Two Intifadas and a Flawed Theory
For at least a decade, Colonel Tom Hammes has been one of the Marine Corps’ leading intellectuals. His book The Sling and the Stone: On War in the 21st Century should be read by anyone who has an interest in Fourth Generation warfare (4GW).
In some ways, this is two books in one. One book describes Fourth Generation war and the reforms our military needs in order to fight it, and here Colonel Hammes is at his best. His distinction between the first and second intifadas is especially valuable. He writes that the Palestinians won the first intifada because they were careful to present themselves as victims of a vastly more powerful Israeli military. Avoiding the use of weapons other than the stone, and taking full advantage of the television camera, the Palestinians “transformed (Israel) from the tiny, brave nation surrounded by hostile Arab nations to the oppressive state that condoned killing children in the street.” This is the power of weakness which is central to Fourth Generation war.
In contrast, in the second (al-Aqsa) intifada, the Palestinians resorted to violence, including suicide bombers, and gave up the power of weakness. Hammes writes, “It is almost impossible to overstate how perfectly Arafat and the radical elements in Palestinian resistance have supported the Israeli effort. Their suicide bombing campaign has given Israel complete freedom of action.” As is so often the case in the Fourth Generation, what seems weak is strong and what seems strong is weak.
Hammes’s descriptions of the situations in Iraq and Afghanistan are equally good. So is his analysis of the Pentagon’s faith that future wars will be decided by high technology. Correctly, he argues that developments such as the Internet favor our Fourth Generation adversaries, because they have “flat,” cooperative organizations while we are stuck with industrial-age, bureaucratic hierarchies. In effect, they are the free market while we represent the centrally-planned Soviet economy. Finally, Hammes’s proposed reforms, while largely derivative, are also mostly sound.
The second book is a book on military theory, and here Hammes is on less solid ground. He makes a major error early, in that he equates Fourth Generation war with insurgency. In doing so, he equates the Fourth Generation with how war is fought. It is usually fought guerrilla-style, but that misses the point: what changes in the Fourth Generation is who fights and what they fight for. This error leads to others, such as believing that Fourth Generation war focuses on the mental level. Hammes writes, “The fourth generation has arrived. It uses all available networks—political, economic, social and military—to convince the enemy’s political decision makers that their strategic goals are either unachievable or too costly for the perceived benefit.” In fact, Fourth Generation war focuses on the moral level, where it works to convince all parties, neutrals as well as belligerents, that the cause for which a Fourth Generation entity is fighting is morally superior. It turns its state enemies inward against themselves on the moral level, making the political calculations of the mental level irrelevant.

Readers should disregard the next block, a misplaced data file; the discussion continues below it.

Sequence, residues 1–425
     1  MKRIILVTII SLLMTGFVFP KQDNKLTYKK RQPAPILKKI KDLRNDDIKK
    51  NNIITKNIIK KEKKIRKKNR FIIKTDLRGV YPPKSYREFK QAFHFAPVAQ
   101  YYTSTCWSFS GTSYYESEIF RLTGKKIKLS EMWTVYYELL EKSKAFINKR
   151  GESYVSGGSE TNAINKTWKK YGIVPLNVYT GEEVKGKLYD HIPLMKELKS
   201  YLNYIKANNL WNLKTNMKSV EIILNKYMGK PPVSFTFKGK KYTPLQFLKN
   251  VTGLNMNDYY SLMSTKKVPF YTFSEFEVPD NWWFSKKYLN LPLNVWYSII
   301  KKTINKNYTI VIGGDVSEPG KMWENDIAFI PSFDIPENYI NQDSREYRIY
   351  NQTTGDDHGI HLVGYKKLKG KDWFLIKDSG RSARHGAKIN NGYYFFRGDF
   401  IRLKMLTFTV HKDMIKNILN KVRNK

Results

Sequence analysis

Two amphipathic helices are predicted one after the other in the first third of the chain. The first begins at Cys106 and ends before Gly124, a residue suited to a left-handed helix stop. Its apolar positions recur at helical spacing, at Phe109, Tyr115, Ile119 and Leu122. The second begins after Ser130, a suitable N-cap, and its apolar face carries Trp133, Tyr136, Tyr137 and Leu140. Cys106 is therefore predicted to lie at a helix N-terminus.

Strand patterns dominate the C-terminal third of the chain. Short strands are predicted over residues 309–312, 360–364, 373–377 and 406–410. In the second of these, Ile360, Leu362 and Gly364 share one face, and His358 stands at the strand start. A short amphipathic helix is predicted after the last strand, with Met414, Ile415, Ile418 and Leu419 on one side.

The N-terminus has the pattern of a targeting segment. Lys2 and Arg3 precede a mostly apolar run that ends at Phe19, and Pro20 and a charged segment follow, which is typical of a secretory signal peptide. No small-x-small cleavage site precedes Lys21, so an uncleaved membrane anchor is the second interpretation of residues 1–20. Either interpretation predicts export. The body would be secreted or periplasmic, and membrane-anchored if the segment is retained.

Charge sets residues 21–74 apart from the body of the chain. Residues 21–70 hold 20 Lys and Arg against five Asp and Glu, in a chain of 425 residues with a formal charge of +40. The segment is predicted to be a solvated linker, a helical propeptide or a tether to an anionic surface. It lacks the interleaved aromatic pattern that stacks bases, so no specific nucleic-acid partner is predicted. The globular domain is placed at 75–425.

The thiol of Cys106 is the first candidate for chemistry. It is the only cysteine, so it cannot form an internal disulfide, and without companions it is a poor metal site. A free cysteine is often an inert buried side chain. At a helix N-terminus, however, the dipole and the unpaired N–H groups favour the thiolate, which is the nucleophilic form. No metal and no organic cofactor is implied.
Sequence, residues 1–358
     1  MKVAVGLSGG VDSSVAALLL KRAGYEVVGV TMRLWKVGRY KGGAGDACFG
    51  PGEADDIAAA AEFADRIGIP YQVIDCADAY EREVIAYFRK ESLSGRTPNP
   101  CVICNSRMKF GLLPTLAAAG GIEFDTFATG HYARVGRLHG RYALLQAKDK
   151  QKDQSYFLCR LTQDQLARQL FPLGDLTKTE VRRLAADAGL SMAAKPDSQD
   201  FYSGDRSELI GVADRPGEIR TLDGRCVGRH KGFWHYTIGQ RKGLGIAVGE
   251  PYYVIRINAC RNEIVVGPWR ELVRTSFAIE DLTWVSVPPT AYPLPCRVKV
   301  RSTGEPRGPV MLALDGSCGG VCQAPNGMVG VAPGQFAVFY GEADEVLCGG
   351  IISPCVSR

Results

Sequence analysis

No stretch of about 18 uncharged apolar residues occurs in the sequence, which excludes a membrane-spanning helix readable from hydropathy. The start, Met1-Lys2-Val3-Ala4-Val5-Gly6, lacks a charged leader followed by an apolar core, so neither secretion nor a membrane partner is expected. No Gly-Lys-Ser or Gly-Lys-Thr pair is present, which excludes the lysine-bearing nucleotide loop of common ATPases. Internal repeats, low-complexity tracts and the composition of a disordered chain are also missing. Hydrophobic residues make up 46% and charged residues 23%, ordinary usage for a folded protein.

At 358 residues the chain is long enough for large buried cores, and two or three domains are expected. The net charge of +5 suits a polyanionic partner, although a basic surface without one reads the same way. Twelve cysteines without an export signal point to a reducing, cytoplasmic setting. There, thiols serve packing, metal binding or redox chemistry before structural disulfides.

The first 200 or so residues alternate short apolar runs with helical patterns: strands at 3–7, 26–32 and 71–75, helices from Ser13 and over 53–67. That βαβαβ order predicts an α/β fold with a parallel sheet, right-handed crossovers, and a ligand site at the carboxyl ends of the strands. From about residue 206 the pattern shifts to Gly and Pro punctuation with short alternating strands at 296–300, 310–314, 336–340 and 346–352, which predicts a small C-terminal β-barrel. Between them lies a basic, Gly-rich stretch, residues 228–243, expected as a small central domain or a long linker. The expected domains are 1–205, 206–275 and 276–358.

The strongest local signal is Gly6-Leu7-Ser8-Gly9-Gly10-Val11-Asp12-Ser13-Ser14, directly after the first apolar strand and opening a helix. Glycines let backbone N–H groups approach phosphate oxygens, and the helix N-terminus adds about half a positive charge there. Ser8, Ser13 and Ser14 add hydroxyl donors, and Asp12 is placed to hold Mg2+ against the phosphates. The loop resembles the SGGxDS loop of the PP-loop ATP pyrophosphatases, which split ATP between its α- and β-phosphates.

Hammes still makes some useful contributions to Fourth Generation theory. For example, his short discussion of a difficult theoretical problem, the role of the OODA loop in Fourth Generation war, notes that, “the focus is no longer on the speed of the decision but on a correct understanding of the situation. Observation and orientation become the critical elements of the observation-orientation-decision-action [OODA] loop.” I think the OODA loop’s originator, Colonel John Boyd, might agree with that.
But in the end, Colonel Hammes remains trapped in the framework of the state. He writes that 4GW in itself cannot win a decisive victory: “The techniques [of 4GW] can only weaken the enemy’s will and reduce his resources to the point that a conventional military campaign can defeat him entirely.” In fact, Fourth Generation war can unravel a state opponent so completely that he ceases to exist. We saw that with the Soviet Union, we are seeing it now with Israel, and if the United States fails to isolate itself from the Fourth Generation, we may see it here as well.
William S. Lind is author of the Maneuver Warfare Handbook and director of the American Conservative Center for Public Transportation. This column originally appeared here.